Developer Beats Jeffco to Airport Name

Golden - Jefferson County officials feel a Windsor developer has hijacked the name they want to hang on their airport.

On Oct. 10, the county announced it is re-christening Jefferson County Airport as Rocky Mountain Metropolitan Airport.

County officials discovered last week that a Windsor developer, Martin Lind, had registered that name - along with five similar ones - as trade names with the Colorado secretary of state's office.

Jefferson County Attorney Frank Hutfless, who said the county has been working on the switch for months, vowed to press on in the national and international trademarking of Rocky Mountain Metropolitan Airport.

"I don't know what his motivations are," Hutfless said of Lind. "There was no formal action by a government on reserving the name. I'm very disturbed about this individual taking this action."

Lind is the developer of the Water Valley resort community and Eagle Crossing commercial area near Interstate 25 in the Loveland area.

He wants to develop an airpark on 100 acres he owns near the Fort Collins/Loveland Airport, which he'd like to see renamed as Rocky Mountain Regional Airport.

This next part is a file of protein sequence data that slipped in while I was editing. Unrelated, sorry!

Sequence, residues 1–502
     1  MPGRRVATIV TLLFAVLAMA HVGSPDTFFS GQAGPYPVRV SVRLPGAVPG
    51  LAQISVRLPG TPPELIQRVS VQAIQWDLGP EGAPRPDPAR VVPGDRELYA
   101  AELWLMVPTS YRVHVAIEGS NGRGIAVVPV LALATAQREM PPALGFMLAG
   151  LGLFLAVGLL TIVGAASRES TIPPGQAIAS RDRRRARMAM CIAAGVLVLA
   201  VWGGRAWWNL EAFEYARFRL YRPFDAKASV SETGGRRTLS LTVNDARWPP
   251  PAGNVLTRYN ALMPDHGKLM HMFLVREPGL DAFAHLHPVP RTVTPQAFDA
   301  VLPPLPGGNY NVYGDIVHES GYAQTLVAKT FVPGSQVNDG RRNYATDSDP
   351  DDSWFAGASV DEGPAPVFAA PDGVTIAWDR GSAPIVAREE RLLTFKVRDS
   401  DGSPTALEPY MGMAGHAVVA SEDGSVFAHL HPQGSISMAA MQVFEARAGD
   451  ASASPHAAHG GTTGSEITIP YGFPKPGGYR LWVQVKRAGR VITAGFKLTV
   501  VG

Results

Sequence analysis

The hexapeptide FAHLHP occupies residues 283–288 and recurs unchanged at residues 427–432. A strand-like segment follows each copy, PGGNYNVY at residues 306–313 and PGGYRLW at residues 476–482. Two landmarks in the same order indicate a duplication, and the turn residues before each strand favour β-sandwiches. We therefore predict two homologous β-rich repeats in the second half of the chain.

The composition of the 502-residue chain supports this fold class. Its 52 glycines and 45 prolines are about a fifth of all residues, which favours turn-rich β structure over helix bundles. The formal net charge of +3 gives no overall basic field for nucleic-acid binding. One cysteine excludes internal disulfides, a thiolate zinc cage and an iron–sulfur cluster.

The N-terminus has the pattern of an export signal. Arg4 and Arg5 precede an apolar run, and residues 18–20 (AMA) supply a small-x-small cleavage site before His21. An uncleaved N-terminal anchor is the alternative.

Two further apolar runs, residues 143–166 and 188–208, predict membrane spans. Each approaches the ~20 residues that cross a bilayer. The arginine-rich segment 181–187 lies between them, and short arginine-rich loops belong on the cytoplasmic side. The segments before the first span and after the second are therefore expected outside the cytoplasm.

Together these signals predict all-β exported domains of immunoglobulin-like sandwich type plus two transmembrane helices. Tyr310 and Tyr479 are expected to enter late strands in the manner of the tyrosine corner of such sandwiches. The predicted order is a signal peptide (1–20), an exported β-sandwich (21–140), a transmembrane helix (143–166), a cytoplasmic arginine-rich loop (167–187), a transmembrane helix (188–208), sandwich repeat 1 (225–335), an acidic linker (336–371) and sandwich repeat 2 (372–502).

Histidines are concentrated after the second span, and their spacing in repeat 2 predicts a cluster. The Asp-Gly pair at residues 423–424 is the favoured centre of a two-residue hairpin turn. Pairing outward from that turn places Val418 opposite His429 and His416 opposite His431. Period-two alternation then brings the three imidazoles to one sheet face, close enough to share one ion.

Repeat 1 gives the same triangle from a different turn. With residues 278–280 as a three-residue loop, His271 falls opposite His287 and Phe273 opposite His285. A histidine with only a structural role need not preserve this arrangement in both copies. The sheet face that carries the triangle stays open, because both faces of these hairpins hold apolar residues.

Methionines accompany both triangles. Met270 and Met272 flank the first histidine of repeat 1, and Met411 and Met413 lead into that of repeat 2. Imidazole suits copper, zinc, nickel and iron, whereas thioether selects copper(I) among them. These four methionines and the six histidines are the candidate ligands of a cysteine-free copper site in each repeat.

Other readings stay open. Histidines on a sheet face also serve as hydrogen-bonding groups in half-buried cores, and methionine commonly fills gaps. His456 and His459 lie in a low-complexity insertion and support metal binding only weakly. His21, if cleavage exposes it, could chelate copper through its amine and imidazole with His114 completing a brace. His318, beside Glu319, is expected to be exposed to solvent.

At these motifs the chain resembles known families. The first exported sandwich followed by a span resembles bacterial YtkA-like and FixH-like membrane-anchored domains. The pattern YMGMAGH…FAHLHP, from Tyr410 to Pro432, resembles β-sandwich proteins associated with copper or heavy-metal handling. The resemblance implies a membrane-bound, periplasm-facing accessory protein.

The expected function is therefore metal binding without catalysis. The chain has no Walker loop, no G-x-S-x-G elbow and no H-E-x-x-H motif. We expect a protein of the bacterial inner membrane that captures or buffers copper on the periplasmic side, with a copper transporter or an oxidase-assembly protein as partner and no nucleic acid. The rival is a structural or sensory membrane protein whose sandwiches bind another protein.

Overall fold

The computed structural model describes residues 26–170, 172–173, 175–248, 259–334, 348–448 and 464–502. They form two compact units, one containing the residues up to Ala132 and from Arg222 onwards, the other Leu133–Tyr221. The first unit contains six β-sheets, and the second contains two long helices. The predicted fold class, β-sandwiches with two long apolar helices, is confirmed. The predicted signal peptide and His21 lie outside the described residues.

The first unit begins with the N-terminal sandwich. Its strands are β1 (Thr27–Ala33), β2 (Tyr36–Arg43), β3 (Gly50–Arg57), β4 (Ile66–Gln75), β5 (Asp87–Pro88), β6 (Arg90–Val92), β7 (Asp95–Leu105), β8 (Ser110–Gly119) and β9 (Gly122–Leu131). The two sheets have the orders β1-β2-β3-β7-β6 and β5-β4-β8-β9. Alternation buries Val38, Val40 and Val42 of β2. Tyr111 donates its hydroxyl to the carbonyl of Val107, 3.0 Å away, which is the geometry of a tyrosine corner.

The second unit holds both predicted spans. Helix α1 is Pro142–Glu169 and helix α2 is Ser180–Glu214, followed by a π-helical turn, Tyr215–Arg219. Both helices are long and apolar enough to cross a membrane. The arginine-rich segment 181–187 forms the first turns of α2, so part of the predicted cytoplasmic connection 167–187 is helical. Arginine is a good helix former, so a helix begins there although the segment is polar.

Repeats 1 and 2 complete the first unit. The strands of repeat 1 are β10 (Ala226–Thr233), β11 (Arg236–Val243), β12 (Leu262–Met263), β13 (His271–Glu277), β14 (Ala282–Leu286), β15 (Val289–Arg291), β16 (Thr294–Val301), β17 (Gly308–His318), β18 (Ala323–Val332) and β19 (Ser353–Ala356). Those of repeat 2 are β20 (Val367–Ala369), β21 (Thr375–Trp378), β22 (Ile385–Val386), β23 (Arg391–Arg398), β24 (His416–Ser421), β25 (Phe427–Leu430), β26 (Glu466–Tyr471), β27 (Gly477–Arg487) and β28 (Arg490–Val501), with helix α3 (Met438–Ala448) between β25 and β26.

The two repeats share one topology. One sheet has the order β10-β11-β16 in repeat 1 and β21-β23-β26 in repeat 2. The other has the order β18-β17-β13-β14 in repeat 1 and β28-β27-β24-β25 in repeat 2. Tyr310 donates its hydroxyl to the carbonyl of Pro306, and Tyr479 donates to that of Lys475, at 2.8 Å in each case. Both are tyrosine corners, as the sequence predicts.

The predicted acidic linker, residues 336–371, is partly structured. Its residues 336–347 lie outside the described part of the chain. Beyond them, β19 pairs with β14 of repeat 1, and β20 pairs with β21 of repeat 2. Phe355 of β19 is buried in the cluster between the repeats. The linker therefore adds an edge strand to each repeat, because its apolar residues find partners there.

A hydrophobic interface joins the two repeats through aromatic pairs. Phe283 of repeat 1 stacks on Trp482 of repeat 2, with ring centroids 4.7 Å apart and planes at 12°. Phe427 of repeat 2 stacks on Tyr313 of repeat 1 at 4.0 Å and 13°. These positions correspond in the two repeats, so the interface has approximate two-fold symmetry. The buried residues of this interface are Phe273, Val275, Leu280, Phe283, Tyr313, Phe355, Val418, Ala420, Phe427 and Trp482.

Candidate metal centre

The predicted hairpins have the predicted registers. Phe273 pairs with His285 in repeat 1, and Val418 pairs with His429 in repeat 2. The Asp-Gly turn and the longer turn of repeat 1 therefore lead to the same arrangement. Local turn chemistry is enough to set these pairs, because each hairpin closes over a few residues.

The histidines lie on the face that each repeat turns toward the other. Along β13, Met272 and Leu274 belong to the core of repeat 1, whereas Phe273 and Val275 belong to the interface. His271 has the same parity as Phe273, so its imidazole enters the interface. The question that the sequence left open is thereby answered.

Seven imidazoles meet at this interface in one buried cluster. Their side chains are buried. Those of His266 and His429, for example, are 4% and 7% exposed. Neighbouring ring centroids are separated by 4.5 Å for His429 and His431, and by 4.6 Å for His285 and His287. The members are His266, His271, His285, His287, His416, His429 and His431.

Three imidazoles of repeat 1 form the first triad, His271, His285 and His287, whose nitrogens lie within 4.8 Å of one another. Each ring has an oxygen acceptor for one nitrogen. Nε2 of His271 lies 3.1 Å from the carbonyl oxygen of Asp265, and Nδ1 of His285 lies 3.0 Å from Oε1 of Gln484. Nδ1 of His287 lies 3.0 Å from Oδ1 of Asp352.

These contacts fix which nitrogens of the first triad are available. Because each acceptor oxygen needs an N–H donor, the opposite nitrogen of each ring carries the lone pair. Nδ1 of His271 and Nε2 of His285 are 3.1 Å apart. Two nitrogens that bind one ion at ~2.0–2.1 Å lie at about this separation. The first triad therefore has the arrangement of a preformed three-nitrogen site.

"I researched the name a year ago and didn't find a Rocky Mountain airport between here and Canada," Lind said. "It's a natural fit with Loveland being the gateway to Rocky Mountain National Park."

Jefferson County, Lind said, "should have reserved the name before spending thousands on it."

Hutfless pointed out Lind reserved the name as a limited liability company.

The day after Lind registered "Rocky Mountain Metropolitan Airport LLC," Jefferson County registered "Rocky Mountain Metropolitan Airport."

Hutfless said the county has been using the name in marketing, including at a major trade show in Florida last week.

The county commissioners believe the new name will boost pilot awareness that "we are in a major metropolitan area," Commissioner Kevin McCasky said.

"We'll keep an eye on it," Hutfless said of the trademark conflict. "People can name their companies what they want, but gosh, there's a lot of names out there."

Lind said he's "not at all ashamed" at snapping up the name.

"Two things: I don't know what's going to happen, and I don't care. It doesn't affect our business," Lind said. "I believe that no good idea should go unstolen. If they want to steal it, have at it."

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